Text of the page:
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I am reviewing a newer form of Holland & Barrett Sunvite Vitamin D3. The new tablet size is about a third smaller than the old one, but as they replace the old H&B Vitamin D3 I will review them here.
After being diagnosed with hypothyroidism but not improving despite thyroxine therapy, I went through every test imaginable to find out why - MRI, CT, ultrasound, and blood tests galore - but finally my endocrinologist said there was no reason for my persistent fatigue, but that certain vitamins supplements might help. This was a pretty last-ditch attempt, but I went with it anyway. Vitamin D3 was one of the vitamin supplements he suggested.
Most people will know that vitamin D is synthesised from sun exposure, and that it helps the body to absorb calcium, hence the product name 'Sunvite'.
Vitamin D deficiency is responsible for rickets. It is also responsible for other bone-softening diseases including osteoporosis. Low levels are also linked with cancer, multiple sclerosis, problems during pregnancy and general mortality. I don't have these illnesses (especially not the last one), but as I don't get out much due to my condition, I don't get the chance to absorb vitamin D from the sun as most adults would.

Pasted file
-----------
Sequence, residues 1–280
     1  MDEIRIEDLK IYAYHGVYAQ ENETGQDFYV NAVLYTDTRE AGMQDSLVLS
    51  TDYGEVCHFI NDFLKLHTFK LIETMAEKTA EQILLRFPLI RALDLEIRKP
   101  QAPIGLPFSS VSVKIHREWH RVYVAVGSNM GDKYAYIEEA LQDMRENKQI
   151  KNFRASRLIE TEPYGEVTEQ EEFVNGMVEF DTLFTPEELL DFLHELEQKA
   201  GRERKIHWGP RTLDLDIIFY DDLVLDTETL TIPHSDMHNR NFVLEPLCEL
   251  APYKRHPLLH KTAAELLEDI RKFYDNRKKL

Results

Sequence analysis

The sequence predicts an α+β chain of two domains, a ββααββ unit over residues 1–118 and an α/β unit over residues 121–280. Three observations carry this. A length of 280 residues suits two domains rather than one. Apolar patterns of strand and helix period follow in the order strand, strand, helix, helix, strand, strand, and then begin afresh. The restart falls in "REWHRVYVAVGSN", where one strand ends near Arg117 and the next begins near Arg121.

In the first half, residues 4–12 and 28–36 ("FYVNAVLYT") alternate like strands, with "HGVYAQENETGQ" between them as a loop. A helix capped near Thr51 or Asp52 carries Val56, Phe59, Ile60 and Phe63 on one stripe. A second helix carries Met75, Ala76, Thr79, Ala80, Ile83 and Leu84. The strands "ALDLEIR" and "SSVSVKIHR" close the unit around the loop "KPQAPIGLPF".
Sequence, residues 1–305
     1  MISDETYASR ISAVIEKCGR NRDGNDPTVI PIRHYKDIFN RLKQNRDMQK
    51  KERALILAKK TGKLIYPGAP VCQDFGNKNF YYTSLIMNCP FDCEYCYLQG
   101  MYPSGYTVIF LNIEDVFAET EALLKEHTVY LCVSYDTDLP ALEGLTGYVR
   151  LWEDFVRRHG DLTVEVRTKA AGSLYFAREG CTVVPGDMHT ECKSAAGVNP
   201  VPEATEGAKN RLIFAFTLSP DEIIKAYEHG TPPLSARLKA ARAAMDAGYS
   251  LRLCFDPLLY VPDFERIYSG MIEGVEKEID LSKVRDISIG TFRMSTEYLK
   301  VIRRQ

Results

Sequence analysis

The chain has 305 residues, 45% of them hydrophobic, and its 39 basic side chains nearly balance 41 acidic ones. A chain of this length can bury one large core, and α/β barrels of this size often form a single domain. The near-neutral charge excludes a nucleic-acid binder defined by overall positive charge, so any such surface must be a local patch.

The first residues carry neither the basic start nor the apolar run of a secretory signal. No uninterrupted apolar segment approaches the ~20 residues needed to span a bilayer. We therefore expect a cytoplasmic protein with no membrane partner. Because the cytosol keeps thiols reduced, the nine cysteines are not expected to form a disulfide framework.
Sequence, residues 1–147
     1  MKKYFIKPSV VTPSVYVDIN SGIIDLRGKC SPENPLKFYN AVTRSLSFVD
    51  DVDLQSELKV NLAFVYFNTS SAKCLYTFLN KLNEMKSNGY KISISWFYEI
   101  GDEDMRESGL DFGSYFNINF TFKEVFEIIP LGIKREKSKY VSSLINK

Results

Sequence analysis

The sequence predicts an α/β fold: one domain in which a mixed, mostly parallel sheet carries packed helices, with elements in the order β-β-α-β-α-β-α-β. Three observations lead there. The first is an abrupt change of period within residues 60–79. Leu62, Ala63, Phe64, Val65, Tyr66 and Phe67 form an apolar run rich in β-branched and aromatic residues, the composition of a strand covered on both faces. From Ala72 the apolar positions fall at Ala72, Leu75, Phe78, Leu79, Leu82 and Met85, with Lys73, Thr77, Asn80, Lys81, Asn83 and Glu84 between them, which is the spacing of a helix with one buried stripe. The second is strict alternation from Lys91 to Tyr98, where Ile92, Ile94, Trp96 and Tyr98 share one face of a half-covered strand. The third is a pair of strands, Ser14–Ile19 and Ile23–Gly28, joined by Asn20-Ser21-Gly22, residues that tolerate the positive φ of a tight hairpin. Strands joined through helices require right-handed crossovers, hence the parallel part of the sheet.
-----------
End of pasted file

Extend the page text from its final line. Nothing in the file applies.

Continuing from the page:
It is also something to consider for vegetarians and vegans (vitamin D can also be found in fish and meat, as well as fortified milk), people who cover themselves fully when outside for religious, health or fashion reasons, and those of African or Caribbean descent (as melanin in the skin can interfere with proper natural production of vitamin D). Plus, anyone living in the UK should consider taking vitamin D supplements, simply because the weather is often not conductive for the short but frequent sun exposure needed to synthesise vitamin D naturally. Vitamin D is safe for anyone to take, from children and pregnant or breastfeeding women to the elderly. Obviously it is paramount you contact your doctor beforehand to get the correct dosage, as it is possible to overdose, and that it may clash with other medications.